Generally, if you are caught overstaying your Australian visa, you will face detention, deportation, or re-entry bans. But, you will encounter different impacts if you have overstayed your Australian visa for less or more than 28 days. Here are the consequences:
Overstaying Australian visa less than 28 days
If you overstay your Australian visa less than 28 days and you have an Australian partner, you may be able to apply for an Australian visa to remain there legally. But, you need to provide the evidence to support your eligibility for an Australian partner visa. It is better to seek legal advice from a registered migration agent to help you.
And if you are willing to sort your visa status, you can consider applying for a bridging visa. With the bridging visa, you can stay legally in Australia and arrange your departure to your home country or prepare for another Australian visa application.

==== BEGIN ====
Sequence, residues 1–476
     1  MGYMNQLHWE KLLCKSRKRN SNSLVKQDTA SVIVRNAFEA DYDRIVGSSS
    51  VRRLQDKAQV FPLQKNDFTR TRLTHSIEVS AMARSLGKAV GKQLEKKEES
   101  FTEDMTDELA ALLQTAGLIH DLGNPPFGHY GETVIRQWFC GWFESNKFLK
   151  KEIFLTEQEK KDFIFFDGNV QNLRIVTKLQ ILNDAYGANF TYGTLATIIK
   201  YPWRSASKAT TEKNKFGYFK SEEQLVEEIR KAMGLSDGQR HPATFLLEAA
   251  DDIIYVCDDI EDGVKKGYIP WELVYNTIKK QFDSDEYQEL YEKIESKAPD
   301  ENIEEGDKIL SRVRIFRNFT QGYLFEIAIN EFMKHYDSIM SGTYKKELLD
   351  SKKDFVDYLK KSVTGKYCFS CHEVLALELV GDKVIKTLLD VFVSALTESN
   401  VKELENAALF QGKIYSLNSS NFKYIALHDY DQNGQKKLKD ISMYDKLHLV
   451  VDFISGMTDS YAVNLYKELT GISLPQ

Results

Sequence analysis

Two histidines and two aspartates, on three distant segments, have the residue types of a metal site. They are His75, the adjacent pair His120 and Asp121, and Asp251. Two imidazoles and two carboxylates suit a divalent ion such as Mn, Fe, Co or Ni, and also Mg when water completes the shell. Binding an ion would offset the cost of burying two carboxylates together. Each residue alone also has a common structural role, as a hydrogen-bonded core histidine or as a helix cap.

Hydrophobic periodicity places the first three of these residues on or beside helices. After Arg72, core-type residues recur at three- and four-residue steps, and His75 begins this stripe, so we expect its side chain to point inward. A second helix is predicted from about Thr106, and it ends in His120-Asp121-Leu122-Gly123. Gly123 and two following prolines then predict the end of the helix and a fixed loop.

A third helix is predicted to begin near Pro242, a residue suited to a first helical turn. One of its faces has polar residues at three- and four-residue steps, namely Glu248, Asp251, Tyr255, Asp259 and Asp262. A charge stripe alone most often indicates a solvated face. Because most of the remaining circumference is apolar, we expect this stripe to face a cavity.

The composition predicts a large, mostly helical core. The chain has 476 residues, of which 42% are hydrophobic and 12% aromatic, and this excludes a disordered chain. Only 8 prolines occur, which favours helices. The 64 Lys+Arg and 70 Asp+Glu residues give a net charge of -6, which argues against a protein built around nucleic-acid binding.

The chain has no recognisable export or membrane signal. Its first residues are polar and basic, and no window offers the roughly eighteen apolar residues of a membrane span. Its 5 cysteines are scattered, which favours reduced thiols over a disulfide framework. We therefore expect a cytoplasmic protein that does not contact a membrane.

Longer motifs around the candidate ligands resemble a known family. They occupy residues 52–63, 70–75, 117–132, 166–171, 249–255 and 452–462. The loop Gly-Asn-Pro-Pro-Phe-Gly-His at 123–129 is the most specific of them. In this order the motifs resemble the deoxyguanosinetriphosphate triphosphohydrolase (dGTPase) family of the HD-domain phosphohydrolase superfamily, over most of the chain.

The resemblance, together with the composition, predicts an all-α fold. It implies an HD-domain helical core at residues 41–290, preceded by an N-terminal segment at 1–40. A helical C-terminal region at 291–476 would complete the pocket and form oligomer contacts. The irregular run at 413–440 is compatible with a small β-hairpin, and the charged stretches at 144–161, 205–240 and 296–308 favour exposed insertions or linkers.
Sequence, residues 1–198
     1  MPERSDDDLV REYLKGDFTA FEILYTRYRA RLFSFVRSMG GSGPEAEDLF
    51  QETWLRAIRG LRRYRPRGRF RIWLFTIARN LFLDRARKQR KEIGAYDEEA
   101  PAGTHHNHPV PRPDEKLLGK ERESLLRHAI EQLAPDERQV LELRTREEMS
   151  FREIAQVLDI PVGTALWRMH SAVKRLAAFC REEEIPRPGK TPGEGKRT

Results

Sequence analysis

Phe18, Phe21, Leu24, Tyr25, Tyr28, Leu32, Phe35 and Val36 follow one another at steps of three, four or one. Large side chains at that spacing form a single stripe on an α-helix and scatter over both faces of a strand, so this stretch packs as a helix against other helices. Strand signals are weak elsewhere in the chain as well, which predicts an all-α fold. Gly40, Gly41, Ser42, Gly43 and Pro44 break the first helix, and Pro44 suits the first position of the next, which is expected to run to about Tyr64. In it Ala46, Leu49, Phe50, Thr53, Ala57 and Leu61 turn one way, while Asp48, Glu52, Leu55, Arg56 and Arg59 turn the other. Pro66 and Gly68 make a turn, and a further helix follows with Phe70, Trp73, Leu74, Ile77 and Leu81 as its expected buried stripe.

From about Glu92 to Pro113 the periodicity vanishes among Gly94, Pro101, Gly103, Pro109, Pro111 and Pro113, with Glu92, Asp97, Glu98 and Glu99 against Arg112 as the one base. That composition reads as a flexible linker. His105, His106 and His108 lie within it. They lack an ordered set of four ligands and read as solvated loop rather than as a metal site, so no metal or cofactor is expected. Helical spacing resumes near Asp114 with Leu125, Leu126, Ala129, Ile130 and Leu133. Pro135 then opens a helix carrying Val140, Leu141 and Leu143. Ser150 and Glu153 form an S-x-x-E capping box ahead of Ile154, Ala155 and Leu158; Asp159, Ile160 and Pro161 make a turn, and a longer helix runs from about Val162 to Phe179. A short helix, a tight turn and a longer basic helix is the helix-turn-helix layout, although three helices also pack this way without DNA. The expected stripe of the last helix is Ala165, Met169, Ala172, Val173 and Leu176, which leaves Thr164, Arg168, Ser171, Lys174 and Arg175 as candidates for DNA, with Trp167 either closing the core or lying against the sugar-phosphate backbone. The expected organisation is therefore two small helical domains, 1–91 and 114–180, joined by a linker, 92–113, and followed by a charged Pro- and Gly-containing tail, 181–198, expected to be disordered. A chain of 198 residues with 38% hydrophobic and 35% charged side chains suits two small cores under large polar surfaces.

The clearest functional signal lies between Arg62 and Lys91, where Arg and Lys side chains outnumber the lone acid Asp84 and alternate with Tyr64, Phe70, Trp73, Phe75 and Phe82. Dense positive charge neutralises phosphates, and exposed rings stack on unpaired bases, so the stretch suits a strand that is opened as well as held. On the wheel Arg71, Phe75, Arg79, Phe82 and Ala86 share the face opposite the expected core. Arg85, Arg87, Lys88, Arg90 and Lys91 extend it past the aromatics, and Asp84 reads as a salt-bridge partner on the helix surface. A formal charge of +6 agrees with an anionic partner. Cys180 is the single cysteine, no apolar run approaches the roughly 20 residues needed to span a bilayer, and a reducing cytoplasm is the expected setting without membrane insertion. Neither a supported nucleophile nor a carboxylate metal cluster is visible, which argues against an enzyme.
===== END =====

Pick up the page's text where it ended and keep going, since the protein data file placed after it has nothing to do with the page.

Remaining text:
Overstaying Australian visa more than 28 days
If you overstay your Australian visa for more than 28 days, the situation will be worse for you. It will lead you to an exclusion period once you apply for another Australian visa. It means your future visa application will not be granted for a minimum of three years. The situation is applicable even if you left Australia voluntarily.
You also need to pay any debts that you own to the Australian Government for detaining and removing you from the country. If you do not pay it, your future Australian visa application will not be granted.
Even though you have overstayed your Australian visa, you still have a chance to apply for an Australian visa with a Schedule 3 Criteria. Never heard about Schedule 3 Criteria? We will explain it to you.